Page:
On board Mary Celeste was the Captain, his wife and seventeen children, the crew and Great, Great, Grandad Grizzle. It was a good ship, a fast ship and plenty of food on board for the crew, but the Celeste wasn’t a happy ship. The problem was the Captain’s wife. You see, she was clever, very clever, easily the cleverest person on board. She knew more about sailing ships than anyone, she knew everything about the Mary Celeste from the bow to the stern, from the bilges to the mastheads. She also knew how to navigate, how to set the sails and all about signals. But this was 1872 and it was easier for a woman to be a pirate or a nurse than to be a captain. So her husband was captain. Of course, he knew who really had the brains. In private he always took her advice, but out on the open decks they pretended that he was in charge, that he commanded the ship. His wife had only one job to do, she did the laundry. 

She hated doing the laundry. It was the old fashioned rub-a-dub-dub washing in a tub. You try washing clothes in a tub the size of a bath all day long. And sailors’ clothes get all tarry, that’s why sailors used to be called old tars. Try getting tar out of clothes when all you’ve got is soap. Then there were the children; they got covered in tar as well. Worse than that, they explored the bilges. You know what kind of things you find in a ship’s bilges – you don’t? Don’t ask. But the clothes had to be washed and the children had to be bathed, daily! The sailors took baths on the second Sundays of every month unless the month had an ‘R’ or a ‘Y’ in it. On those months the captain took a bath. Don’t ask me why – it’s an old sailing custom. Great, Great Grandad Grizzle didn’t take baths at all. He claimed he didn’t need them since he was steering and waves would wash over him quite often.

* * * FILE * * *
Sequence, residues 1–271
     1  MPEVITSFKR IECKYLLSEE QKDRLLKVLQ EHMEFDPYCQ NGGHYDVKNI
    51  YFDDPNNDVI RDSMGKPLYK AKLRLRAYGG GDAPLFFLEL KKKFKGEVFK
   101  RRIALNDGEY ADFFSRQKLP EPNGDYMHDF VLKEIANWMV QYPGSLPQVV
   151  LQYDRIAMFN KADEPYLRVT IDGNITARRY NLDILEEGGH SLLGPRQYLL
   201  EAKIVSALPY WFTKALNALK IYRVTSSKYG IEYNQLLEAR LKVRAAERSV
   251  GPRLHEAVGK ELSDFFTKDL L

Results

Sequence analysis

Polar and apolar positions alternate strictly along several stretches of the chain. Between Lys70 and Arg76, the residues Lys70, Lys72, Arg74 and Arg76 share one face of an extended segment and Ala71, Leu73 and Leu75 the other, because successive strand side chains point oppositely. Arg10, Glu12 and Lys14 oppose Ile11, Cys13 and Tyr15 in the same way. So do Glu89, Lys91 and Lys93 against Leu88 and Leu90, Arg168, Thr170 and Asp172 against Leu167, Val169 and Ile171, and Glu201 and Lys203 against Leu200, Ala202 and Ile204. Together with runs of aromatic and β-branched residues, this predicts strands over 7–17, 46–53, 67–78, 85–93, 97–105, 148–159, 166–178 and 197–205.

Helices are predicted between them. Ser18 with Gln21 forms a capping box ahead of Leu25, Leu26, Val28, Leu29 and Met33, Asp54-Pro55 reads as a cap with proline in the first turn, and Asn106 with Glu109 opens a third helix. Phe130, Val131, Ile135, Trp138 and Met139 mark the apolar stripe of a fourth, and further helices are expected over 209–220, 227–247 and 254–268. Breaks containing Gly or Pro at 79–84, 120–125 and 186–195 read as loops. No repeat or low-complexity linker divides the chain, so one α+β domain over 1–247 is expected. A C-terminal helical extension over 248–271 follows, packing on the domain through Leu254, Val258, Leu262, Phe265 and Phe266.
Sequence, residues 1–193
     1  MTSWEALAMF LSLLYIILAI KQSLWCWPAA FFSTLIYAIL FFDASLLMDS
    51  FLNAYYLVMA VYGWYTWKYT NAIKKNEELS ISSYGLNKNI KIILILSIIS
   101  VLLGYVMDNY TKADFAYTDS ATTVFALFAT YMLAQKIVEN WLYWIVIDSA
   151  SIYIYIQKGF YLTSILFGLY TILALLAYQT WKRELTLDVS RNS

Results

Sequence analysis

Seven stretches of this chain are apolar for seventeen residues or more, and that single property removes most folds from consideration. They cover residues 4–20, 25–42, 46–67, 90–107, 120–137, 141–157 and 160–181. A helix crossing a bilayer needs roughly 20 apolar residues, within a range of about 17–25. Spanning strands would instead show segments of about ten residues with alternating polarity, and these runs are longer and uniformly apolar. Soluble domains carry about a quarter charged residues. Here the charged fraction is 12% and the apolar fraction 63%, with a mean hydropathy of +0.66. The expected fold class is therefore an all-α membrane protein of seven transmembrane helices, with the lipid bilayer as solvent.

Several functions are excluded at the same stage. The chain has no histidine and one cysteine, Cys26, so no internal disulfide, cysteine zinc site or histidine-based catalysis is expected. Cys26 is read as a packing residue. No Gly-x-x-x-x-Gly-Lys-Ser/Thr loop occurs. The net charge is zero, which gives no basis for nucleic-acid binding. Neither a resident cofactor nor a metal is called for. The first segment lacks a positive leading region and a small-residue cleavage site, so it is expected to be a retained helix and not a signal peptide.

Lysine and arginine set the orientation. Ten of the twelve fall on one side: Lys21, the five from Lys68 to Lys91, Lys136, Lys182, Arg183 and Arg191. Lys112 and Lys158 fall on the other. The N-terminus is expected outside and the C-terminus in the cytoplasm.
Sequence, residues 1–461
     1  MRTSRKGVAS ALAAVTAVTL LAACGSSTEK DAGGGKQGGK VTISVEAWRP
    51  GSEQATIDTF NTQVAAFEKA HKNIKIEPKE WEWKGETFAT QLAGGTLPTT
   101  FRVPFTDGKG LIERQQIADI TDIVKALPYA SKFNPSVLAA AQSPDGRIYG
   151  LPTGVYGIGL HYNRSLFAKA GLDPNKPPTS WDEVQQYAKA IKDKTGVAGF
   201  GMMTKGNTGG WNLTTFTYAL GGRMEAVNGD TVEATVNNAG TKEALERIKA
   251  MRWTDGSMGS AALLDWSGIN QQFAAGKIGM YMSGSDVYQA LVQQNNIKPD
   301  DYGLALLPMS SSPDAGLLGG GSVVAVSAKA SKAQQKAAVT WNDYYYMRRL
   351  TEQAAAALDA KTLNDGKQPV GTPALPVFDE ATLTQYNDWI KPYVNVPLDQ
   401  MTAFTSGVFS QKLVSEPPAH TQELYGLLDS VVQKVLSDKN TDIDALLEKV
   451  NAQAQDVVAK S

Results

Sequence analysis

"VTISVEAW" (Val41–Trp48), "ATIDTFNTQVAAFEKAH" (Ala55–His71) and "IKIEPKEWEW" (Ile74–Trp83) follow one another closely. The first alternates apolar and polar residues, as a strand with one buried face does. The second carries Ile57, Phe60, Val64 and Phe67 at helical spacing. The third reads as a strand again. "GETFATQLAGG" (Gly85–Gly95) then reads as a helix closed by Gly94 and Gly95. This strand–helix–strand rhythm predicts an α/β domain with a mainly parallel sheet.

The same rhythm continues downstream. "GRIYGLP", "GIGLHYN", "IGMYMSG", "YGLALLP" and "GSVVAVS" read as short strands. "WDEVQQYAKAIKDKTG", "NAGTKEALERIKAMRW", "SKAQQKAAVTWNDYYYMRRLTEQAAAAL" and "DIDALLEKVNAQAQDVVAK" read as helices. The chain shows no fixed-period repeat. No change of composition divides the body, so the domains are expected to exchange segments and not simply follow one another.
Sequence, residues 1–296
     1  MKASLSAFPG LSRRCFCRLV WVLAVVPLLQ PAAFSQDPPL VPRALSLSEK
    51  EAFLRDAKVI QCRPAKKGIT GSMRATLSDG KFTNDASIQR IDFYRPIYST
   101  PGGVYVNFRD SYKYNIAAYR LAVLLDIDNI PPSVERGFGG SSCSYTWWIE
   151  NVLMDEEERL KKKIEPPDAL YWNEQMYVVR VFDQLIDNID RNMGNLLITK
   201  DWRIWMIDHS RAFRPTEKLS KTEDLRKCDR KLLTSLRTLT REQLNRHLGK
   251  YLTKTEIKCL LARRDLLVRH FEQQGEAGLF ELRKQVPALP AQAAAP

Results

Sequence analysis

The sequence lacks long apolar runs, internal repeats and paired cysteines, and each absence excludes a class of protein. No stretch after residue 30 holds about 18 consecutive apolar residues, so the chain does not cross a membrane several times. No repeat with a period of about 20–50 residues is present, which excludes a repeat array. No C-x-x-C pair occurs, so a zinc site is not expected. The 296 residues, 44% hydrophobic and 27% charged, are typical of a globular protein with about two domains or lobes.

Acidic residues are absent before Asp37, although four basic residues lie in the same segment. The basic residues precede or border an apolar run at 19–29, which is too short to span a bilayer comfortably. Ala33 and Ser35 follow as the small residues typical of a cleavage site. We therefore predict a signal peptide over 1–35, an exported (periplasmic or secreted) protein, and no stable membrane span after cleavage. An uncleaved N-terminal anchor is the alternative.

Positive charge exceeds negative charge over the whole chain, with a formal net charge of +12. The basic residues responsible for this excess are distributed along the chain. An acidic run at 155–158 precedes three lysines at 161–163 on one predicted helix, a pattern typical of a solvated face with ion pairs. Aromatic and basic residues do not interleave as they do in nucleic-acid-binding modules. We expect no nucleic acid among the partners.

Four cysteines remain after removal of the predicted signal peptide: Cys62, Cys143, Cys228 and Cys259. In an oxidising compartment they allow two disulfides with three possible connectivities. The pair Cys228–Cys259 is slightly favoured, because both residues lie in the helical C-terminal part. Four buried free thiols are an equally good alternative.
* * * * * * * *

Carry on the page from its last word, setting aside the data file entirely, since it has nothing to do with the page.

The Captain’s wife lasted one week doing all that laundry before she had an idea. She found a great length of thin rope in one of the ship’s lockers and caught hold of a passing child. Ignoring its shrieks she threaded the rope up through a shirt sleeve and down through a trouser leg before letting the child go. She did this with each of her children, the rope went up a shirt sleeve and down a trouser leg (they all wore trousers). Now all seventeen children were free to scamper, but joined by the rope. She didn’t stop there. One by one she caught each sailor, rope up a sleeve, rope down a trouser leg until all the sailors were free, but joined by the rope. She didn’t stop there. Soon the Captain was on the rope, protesting, but on the rope. She did stop there. She looked at Moby, but decided she didn’t want the bother of washing his clothes.

This wasn’t the end of her cleverness. Now she set up a complicated system of pulley wheels all around the ship and finally, once she was ready, she filled her tub with hot soapy water and pulled hard on her rope.

The first child came shrieking up and out of a hatch. It’d been eating breakfast and still held a porridge spoon. No matter, child and spoon went into the tub, rub-a-dub-dub until it was clean, then, when the Captain’s wife pulled on her rope the clean, but dripping  child found itself hoist up amongst the sails and left there to dry.

The same thing happened with the next child, and the next until all the children were hanging to dry amongst the rigging. 

The Captain’s wife was stronger than she looked and in any case the pulleys made the task easier so now when she next  pulled on her rope a sailor appeared through the hatch, plucked from his hammock and still fast asleep. No matter, into the tub he went and soon he too was up amongst the rigging hanging out to dry. One by one each sailor and the clothes he was wearing was washed. Finally the Captain, still protesting and then all was done and his wife could put her feet up and enjoy a cup of tea and her book.